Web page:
Jim Dias, as a the former CAO of North Cowichan, remembers an even more packed public meeting more than 20 years ago. (Citizen file)

Hearing brings memories of largest meeting turnout N. Cowichan has ever seen

Tuesday night’s huge turnout for a controversial public hearing was rare but not unprecedented.

Tuesday night’s huge turnout for a controversial public hearing was rare but not unprecedented.

In fact, it wasn’t even the largest gathering for a North Cowichan public meeting.

About 25 years ago — former North Cowichan chief administrative officer Jim Dias believes it was 1996 or 1997 — the theatre hall was rented for a public information meeting.

The issue, recalls Dias, who served the municipality for 36 years before retiring in 2010, was a proposed gas fired generation system for BC Hydro.

“The place was packed, there had to be over 700 people,” Dias says of the meeting that was presided over by then-mayor Rex Hollett. Other members of council included former mayors Tom Walker and Anne Murray and Coun. Glen Ridgway.

The plant was to be built in the South End Industrial Park that had been created following the municipality’s successful application to have more than 200 acres removed from the Agricultural Land Reserve. The site is close to where Vancouver Island Motorsport Circuit’s facility is now located on Highway 18.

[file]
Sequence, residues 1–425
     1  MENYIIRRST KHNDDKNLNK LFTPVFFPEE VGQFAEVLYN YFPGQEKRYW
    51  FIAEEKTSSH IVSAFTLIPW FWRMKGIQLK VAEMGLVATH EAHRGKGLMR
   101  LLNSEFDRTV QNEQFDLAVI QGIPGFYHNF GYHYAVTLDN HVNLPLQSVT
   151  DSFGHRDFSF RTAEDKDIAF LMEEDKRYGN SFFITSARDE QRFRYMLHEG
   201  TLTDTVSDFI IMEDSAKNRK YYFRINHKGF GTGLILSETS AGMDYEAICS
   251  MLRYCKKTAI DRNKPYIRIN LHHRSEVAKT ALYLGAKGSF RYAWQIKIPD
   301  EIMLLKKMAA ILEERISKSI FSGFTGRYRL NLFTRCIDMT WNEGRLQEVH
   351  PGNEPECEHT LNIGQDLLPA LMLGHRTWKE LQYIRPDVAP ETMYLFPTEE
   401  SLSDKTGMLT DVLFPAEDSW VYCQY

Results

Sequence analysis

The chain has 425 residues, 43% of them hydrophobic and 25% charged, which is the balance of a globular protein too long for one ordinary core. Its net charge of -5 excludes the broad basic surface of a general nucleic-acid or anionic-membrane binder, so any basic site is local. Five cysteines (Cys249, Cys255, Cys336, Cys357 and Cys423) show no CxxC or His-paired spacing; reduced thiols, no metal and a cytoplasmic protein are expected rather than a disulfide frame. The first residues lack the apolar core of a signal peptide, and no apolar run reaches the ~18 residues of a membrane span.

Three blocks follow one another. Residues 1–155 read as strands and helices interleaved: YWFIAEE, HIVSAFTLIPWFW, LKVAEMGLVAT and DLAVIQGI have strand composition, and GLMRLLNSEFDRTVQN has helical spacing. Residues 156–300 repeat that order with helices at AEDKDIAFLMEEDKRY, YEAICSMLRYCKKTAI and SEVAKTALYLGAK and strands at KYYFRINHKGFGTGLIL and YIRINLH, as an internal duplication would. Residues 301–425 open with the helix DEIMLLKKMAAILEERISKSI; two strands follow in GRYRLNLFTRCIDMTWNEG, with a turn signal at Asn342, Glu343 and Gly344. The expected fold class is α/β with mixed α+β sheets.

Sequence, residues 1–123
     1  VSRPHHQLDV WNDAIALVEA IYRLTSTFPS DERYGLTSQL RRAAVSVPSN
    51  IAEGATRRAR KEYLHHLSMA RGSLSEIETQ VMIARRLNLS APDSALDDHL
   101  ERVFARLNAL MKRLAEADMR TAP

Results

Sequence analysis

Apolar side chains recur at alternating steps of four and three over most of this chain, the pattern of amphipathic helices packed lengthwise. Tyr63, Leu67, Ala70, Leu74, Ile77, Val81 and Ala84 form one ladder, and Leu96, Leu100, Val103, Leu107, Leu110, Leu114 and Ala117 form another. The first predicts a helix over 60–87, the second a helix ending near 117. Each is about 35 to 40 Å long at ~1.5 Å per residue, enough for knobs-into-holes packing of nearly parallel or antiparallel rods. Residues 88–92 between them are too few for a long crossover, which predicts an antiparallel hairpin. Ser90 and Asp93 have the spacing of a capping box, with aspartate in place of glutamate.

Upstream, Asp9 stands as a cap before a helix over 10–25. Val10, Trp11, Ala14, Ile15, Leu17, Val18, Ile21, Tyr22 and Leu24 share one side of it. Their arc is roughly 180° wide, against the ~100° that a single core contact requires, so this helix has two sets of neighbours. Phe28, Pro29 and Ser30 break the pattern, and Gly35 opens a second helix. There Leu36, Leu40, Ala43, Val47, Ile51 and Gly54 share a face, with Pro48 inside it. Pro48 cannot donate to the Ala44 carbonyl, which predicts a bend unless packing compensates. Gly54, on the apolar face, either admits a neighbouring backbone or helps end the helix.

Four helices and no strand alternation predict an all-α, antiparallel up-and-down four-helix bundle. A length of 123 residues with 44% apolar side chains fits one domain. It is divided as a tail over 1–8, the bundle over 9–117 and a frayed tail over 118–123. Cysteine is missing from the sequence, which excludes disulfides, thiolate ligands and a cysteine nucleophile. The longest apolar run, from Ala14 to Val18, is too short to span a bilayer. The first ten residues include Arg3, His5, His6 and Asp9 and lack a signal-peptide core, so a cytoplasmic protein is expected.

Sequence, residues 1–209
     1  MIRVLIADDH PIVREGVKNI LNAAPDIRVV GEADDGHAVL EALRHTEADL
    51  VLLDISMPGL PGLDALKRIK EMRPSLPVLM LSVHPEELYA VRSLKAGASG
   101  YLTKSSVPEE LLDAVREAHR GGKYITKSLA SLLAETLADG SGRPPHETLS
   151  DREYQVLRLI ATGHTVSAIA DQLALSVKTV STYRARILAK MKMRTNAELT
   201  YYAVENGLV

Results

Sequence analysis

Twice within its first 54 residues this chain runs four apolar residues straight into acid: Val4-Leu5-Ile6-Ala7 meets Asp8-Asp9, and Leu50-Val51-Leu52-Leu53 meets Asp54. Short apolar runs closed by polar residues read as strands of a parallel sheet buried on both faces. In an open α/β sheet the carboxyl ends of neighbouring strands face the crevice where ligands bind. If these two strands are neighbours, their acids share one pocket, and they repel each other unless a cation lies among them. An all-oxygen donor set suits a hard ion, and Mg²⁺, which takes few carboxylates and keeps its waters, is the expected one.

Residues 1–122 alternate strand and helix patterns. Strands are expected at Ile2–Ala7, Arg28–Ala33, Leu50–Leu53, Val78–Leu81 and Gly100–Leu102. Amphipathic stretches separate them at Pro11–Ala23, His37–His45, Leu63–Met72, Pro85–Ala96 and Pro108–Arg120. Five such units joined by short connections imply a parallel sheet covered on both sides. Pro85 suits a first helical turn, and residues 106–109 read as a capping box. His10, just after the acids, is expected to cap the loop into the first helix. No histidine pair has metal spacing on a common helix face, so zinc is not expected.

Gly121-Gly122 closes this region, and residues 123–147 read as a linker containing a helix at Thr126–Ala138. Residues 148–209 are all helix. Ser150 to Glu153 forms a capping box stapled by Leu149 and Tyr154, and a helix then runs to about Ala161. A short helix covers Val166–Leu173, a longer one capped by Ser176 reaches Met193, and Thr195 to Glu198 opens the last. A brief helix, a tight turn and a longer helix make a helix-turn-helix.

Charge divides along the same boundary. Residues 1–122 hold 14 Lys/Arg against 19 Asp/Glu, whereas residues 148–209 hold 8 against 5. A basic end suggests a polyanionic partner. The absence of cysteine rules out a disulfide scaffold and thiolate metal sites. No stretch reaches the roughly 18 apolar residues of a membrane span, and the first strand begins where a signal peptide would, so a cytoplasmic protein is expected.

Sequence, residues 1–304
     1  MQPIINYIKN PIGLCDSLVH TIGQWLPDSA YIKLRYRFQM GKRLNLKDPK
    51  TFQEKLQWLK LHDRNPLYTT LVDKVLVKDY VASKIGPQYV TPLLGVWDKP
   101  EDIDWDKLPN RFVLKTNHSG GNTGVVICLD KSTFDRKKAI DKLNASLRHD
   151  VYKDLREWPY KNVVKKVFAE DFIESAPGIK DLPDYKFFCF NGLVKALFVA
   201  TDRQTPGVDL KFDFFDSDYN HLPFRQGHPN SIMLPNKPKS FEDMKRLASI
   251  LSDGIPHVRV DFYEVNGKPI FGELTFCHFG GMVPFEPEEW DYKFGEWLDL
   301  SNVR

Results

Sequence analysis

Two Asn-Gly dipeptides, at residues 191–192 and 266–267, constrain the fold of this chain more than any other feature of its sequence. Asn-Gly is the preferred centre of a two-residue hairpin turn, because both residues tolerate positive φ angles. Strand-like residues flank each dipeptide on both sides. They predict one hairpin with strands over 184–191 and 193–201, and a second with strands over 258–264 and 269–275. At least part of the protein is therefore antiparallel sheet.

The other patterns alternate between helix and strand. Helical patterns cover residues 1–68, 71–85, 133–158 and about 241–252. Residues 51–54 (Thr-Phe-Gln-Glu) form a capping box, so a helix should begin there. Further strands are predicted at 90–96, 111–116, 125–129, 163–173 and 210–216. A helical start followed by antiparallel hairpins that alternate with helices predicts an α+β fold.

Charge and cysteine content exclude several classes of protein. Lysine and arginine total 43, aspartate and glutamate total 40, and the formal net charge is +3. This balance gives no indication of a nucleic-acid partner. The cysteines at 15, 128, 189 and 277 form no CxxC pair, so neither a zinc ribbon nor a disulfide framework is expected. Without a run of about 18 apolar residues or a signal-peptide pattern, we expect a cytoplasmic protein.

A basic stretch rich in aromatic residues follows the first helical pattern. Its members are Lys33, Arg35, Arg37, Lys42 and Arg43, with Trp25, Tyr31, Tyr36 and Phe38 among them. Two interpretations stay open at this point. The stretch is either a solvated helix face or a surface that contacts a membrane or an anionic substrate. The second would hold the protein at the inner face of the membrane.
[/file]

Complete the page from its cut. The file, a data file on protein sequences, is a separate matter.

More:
Dias says the meeting was not as structured as Tuesday’s public hearing during which Mayor Al Siebring kept a restless and anxious audience on their best behaviour…most of the time.

“Back in the day, things weren’t quite as tightly controlled. There wasn’t a speakers’ list. We followed general rules and there was some decorum,” Dias says.

“And there was nothing on social media in the morning,” he laughs. “Social media was the newspapers.”

Tom Walker, also recalls the meeting and the seemingly endless lineup of speakers.

“What I remember is that there wasn’t one single person in favour of the project,” said Walker as he selected a seat for the VIMC public hearing on Tuesday night.

The gas plant idea died before it got off the ground.

Jim Dias retired from North Cowichan in 2010 after 36 years, working his way up to the position of chief administrative officer in 1991.

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